What is shingles and why do we need to vaccinate against it?

World Immunisation Week (24-30 April) celebrates the value of vaccines and how they save millions of lives across the globe every year. Here we look at a vaccine of particular interest to older people.

The theme of World Immunisation Week this year is #VaccinesWork – which aims to encourage anyone from any area of society to champion the importance of taking up the offer of vaccination in order to prevent themselves, their family and their community getting very serious diseases.

We all know that new-born babies get offered a routine schedule of immunisations to protect against nasty diseases are that luckily now rare in the UK, including diphtheria polio, and tetanus to name just a few.

But vaccines are not just for babies.

As we age and go through different life stages, there are different vaccines which we become eligible for based on how vulnerable we are to certain illnesses.

This week, we are shining a spotlight on the shingles vaccine, which is offered to older adults aged 70 and 78.

The shingles vaccine is fairly new compared to other immunisation programmes – it first began rolling out in 2013 – which was the same year that Public Health England was first formed.

It’s shown to be highly effective against preventing shingles itself and also long term chronic pain, which is one of the most common complications associated with shingles.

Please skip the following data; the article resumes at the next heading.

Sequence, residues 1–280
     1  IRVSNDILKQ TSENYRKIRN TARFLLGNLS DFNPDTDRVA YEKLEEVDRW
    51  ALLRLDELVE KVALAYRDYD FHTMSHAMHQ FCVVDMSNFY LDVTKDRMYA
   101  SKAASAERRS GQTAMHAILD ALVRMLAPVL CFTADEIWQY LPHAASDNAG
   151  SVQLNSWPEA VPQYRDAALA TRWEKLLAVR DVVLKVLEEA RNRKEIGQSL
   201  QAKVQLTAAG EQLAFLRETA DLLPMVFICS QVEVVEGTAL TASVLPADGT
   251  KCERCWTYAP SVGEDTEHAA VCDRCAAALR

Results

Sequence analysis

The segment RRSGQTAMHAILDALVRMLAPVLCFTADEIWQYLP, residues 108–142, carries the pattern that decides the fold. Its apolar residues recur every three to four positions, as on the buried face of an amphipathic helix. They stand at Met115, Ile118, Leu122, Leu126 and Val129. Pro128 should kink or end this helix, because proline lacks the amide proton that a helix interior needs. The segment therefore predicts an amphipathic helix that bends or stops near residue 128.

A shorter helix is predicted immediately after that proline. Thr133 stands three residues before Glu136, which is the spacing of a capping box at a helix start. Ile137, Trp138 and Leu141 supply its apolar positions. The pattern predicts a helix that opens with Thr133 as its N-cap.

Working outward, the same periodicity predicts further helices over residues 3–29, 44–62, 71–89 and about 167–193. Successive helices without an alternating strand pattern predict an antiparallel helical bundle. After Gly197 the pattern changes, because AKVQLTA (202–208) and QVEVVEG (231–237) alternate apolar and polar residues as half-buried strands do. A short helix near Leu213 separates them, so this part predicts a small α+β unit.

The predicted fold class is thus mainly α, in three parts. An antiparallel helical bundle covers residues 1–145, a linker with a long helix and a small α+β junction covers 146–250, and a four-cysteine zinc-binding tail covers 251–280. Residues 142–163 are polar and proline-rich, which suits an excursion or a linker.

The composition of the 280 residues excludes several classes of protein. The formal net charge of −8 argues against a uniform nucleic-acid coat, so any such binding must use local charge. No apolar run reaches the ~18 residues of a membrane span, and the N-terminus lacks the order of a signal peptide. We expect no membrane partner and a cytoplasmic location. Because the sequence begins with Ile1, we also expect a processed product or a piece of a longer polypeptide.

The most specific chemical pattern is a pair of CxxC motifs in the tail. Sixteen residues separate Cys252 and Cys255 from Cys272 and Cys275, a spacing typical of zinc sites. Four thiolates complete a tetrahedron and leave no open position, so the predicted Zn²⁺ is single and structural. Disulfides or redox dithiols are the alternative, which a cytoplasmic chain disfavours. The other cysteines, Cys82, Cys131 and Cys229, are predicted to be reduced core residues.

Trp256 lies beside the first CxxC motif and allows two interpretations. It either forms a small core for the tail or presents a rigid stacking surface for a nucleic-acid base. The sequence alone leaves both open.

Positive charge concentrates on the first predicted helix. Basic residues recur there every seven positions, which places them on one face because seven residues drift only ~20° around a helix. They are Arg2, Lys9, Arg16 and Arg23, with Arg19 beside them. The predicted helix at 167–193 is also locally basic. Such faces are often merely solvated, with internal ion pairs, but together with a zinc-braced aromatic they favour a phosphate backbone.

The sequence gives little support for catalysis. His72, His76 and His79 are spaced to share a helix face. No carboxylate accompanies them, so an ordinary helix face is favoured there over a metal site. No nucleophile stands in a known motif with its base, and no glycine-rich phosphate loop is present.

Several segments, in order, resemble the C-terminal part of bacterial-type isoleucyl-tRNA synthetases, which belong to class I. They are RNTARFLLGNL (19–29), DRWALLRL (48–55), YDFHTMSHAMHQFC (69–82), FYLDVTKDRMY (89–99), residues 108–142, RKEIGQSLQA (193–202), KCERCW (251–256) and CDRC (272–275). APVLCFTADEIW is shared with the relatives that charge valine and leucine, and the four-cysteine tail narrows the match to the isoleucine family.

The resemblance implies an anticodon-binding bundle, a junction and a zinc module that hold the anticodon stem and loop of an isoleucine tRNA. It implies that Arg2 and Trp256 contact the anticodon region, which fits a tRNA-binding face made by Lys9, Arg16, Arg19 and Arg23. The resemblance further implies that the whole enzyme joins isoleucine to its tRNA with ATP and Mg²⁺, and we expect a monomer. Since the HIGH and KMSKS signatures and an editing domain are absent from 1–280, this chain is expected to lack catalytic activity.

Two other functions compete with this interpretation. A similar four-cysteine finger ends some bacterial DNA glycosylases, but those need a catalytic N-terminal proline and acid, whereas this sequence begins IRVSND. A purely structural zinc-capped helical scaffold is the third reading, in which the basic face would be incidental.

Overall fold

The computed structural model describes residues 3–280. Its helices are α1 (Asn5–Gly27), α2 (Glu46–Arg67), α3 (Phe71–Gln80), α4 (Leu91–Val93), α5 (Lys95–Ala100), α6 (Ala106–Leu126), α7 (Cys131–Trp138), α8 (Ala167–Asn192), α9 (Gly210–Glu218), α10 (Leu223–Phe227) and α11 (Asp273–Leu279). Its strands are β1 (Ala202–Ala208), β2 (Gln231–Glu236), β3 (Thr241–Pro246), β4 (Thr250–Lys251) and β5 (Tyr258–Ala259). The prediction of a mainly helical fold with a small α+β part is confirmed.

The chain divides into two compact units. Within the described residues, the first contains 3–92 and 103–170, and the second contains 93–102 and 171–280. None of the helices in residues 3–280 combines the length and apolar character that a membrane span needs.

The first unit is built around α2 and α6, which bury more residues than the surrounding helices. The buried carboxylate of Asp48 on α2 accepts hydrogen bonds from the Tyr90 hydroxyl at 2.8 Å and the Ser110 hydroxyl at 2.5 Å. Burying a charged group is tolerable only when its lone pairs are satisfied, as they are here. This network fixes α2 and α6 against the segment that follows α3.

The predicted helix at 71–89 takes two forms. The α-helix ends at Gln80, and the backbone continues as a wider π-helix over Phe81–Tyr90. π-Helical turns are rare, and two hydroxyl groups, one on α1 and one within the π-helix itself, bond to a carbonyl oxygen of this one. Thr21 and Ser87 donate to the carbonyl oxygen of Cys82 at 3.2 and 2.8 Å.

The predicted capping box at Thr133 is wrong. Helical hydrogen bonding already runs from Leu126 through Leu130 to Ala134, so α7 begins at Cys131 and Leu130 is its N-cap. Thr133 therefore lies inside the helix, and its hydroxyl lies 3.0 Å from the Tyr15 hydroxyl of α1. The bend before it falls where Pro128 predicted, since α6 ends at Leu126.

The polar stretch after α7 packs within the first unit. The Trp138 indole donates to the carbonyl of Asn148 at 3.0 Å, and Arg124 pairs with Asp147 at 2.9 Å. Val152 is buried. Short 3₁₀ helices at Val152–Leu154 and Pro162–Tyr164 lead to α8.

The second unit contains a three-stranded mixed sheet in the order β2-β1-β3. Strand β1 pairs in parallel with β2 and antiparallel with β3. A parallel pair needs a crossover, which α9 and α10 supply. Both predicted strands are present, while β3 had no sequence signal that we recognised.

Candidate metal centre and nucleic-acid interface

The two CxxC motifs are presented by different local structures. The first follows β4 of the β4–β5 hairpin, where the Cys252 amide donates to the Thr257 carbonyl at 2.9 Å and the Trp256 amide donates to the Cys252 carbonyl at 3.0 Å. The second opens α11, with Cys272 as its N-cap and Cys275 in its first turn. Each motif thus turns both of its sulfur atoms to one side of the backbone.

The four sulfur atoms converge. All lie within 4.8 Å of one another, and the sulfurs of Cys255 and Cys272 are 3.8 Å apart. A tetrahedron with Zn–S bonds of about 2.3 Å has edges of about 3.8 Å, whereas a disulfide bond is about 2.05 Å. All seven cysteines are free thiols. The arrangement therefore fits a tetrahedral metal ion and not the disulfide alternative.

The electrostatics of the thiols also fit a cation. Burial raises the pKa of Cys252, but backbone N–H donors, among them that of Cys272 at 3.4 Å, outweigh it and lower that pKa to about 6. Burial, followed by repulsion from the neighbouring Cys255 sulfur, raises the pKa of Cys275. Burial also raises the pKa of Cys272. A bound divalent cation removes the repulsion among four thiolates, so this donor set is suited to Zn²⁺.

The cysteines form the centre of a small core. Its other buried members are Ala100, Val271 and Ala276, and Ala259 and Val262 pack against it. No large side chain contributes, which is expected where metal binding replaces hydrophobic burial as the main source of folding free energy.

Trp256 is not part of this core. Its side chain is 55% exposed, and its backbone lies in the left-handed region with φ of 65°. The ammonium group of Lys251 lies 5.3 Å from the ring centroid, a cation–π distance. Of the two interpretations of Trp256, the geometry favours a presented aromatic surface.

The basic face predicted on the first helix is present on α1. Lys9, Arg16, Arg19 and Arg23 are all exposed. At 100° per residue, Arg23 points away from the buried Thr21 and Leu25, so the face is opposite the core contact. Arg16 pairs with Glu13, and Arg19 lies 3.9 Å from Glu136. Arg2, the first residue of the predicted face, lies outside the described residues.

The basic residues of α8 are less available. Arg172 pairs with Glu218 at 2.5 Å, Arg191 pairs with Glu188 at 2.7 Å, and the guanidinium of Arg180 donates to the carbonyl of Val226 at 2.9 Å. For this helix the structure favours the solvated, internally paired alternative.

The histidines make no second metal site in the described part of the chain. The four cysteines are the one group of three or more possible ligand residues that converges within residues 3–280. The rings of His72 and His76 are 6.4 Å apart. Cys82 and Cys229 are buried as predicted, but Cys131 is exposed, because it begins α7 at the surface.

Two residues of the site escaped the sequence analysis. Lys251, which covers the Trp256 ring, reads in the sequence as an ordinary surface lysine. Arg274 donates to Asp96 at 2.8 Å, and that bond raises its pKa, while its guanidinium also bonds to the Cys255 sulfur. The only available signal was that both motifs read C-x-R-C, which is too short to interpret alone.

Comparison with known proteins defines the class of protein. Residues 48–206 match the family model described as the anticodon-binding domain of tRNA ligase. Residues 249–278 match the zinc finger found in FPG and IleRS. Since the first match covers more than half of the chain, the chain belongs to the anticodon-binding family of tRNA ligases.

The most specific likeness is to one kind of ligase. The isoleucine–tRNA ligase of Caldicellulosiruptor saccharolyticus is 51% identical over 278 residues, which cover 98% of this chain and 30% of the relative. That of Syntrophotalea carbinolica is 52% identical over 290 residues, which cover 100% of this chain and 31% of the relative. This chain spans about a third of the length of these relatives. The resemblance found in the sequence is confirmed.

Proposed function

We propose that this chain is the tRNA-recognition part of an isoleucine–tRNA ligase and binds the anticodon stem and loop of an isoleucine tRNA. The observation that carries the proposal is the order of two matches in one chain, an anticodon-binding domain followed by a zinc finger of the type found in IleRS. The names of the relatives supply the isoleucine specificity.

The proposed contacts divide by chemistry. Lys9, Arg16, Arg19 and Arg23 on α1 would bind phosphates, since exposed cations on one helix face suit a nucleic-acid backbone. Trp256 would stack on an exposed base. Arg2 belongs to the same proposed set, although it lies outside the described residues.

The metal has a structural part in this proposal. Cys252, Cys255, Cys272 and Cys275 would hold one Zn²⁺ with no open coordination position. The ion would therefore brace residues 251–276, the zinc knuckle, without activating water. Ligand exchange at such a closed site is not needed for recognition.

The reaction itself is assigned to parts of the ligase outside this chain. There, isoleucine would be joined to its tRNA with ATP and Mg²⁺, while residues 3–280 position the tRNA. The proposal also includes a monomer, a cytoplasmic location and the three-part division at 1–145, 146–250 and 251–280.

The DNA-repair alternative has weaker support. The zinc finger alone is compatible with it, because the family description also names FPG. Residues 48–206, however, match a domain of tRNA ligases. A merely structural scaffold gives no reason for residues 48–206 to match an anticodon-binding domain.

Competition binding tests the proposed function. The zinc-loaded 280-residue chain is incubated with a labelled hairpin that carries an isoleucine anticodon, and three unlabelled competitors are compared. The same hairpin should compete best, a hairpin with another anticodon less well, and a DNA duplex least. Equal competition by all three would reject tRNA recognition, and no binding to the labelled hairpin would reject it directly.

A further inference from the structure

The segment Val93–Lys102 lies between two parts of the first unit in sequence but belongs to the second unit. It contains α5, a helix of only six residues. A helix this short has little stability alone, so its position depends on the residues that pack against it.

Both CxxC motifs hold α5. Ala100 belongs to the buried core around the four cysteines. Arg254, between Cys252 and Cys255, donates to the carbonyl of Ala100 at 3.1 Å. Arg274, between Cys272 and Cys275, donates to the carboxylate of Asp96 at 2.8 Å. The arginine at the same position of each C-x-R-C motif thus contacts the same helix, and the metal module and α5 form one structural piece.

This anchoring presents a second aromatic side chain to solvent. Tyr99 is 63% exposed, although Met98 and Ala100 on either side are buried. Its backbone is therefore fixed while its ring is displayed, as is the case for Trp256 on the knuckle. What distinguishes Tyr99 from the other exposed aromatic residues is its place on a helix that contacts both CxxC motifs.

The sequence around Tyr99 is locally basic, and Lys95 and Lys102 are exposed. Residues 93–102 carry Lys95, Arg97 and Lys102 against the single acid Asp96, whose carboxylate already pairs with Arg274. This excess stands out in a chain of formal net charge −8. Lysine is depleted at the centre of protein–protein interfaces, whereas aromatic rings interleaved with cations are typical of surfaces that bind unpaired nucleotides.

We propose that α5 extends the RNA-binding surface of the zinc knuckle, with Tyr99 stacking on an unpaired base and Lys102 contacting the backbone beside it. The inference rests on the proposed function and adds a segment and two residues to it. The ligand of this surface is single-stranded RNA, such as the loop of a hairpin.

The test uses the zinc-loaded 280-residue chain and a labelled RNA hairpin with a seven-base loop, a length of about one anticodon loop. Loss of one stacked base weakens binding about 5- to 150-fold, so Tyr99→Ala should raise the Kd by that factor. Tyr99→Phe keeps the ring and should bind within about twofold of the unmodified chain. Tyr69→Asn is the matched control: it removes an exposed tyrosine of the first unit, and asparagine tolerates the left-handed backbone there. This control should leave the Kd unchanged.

Shingles (medically known as Herpes Zoster), develops when the dormant chickenpox virus becomes re-activated in the body. It is not ‘caught’ from other people with chickenpox or shingles.

We can assume that nearly 100 per cent of people have caught the chickenpox (varicella) virus at some point in their lives. Children nearly always catch it at some point, but may not always display symptoms, and can therefore have it and have recovered from it without parents realising. Therefore, everyone is at risk of shingles.

Shingles can strike when people’s immune systems are particularly vulnerable, for example after having flu or going through an element of trauma. But it can also happen randomly when a person might otherwise seem healthy.

The name of the disease might sound strangely pleasant, but shingles is no laughing matter. It can cause severe pain for individuals and can have debilitating effects for months and, in rare cases, it can kill. About 50 deaths are caused by shingles every year. Some people never fully recover from the effects of shingles and are left with ongoing nerve pain, or post-herpetic neuralgia.

Sometimes, people with shingles cannot bear to have anything touching their skin as it’s too painful – including clothes or water. You can therefore imagine how drastically it can impact someone’s life.

In the UK we vaccinate people between the ages of 70-80, as this is when people are more likely to develop the illness. We invite people on their 70th and 78th birthdays, and anyone who has been offered the vaccine can receive it up until their 80th birthday. You can request the shingles vaccination when visiting your GP surgery, or phone up to book an appointment to receive it.

Shingles is slightly different to other vaccines. As it is not an infectious disease, protecting others offers no indirect protection to individuals through herd immunity. The only way to stop as many people getting it as possible is to ensure all eligible people are vaccinated.

Vaccines are a purely preventative concept – and when it comes to nasty illnesses like shingles, prevention is always better than cure.

If you know someone who could be eligible for the shingles vaccine, why not have a conversation reminding them about the fact that they can request it from their GP at any time. It might just save them from months of pain in the future, or even save their life.